In a press release titled “The SEC Has an Opportunity you Wont Want to Miss: Act Now!” SEC Chairman Jay Clayton explained the motivation behind HoweyCoins:

“The rapid growth of the ‘ICO’ market, and its widespread promotion as a new investment opportunity, has provided fertile ground for bad actors to take advantage of our Main Street investors,” with Clayton adding:

“We embrace new technologies, but we also want investors to see what fraud looks like, so we built this educational site with many of the classic warning signs of fraud. Distributed ledger technology can add efficiency to the capital raising process, but promoters and issuers need to make sure they follow the securities laws. I encourage investors to do their diligence and ask questions.”

Anyone who clicks on the “Buy Coins Now!” Button will be redirected to educational materials from the SEC warning users of potentials scams and what red flags to look out for. Some of the red flags outlined include celebrity endorsements, claims of guaranteed returns, claims of SEC-compliance, and more.

Even the site name HoweyCoins is an Easter egg referencing the “Howey test” – a test created by the Supreme Court stemming from the SEC v. W.J. Howey Co. case in 1946, aimed at determining whether a financial transaction qualifies as an “investment contract.”

Who knew the SEC was this funny? Still, fraudulent investments are no laughing matter, and the SEC has done a solid job at raising awareness of the potential pitfalls of cryptocurrency investing, all while serving as an entertaining break from the daily grind.

For educational information on how investors can protect themselves, visit investor.gov or use the Buy Coins Now button on HoweyCoins.com.

ethereum

US regulators are cracking down on non-compliant securities issuers, and senior officials are set to meet to discuss whether that group includes the founders of Ethereum.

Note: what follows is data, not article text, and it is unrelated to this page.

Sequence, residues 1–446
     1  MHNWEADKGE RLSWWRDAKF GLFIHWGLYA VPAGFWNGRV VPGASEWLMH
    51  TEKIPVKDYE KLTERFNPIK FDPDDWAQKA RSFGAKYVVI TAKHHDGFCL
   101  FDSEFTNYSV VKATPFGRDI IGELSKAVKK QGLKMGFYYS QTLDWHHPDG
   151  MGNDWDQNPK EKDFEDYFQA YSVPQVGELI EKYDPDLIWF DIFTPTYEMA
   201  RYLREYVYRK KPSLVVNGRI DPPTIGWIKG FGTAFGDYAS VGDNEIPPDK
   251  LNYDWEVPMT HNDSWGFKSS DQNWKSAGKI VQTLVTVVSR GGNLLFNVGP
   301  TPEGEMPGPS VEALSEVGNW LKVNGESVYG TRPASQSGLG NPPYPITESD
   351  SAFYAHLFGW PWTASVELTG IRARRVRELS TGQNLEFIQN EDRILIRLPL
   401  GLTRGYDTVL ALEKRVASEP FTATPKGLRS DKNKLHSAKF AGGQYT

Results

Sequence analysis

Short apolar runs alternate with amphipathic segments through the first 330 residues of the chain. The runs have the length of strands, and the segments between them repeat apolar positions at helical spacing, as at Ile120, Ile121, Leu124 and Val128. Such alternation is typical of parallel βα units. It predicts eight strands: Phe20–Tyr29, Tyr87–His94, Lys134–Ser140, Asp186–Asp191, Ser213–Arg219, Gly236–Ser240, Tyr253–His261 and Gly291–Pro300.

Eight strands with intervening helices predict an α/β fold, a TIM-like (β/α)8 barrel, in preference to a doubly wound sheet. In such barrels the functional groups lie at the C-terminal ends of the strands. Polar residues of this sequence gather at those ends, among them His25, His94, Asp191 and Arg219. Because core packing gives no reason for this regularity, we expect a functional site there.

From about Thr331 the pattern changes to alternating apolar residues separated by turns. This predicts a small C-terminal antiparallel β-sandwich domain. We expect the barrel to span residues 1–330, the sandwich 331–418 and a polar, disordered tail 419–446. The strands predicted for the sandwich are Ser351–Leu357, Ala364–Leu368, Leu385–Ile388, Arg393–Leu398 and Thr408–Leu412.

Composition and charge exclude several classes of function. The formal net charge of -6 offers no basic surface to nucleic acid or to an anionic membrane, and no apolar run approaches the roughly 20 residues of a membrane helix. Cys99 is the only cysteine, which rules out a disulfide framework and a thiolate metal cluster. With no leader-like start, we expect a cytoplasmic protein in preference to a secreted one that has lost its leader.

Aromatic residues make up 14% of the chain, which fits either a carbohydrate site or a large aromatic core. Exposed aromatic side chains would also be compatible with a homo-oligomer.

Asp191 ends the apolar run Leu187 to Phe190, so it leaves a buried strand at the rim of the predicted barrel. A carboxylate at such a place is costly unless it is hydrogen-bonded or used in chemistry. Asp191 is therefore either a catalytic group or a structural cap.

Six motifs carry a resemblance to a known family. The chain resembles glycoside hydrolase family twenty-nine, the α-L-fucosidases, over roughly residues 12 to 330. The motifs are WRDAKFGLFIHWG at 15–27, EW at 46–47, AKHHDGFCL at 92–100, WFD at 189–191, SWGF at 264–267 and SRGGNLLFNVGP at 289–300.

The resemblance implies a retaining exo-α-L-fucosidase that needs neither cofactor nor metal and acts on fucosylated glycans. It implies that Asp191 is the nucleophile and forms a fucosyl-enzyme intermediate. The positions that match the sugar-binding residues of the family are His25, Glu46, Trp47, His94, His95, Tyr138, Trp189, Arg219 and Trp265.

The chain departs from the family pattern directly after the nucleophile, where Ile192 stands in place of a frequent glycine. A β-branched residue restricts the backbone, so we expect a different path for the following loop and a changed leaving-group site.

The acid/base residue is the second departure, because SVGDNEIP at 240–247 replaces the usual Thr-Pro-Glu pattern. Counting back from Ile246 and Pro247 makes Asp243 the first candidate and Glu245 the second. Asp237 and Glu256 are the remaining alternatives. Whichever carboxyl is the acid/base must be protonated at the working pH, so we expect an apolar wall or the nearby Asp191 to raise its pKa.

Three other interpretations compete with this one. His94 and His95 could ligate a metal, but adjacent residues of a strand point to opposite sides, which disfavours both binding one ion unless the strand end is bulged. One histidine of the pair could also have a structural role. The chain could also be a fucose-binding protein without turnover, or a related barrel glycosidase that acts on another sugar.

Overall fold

According to the Wall Street Journal, senior officials from the Commodity Futures Trading Commission (CFTC) and Securities and Exchange Commission (SEC) will meet on May 7 to hammer out whether certain cryptocurrencies — an ensemble that anonymous sources say excludes bitcoin — should be classified as securities under US law.

However, that group does include ether, whose creators are not anonymous and which was initially sold through a presale in 2014. That presale raised $18.3 million in bitcoin from contributors, who received an initial distribution of ether tokens when the network’s Genesis block was mined the next year.

The officials will reportedly consider whether ether, whose circulating market cap is $68 billion, is sufficiently directed toward its stated use case — running Ethereum DApps — or if token holders buy it primarily for its perceived investment potential.

They will also discuss whether the project’s creators retain a level of influence over the asset’s price that is comparable to the influence that traditional company executives have over a firm’s share price.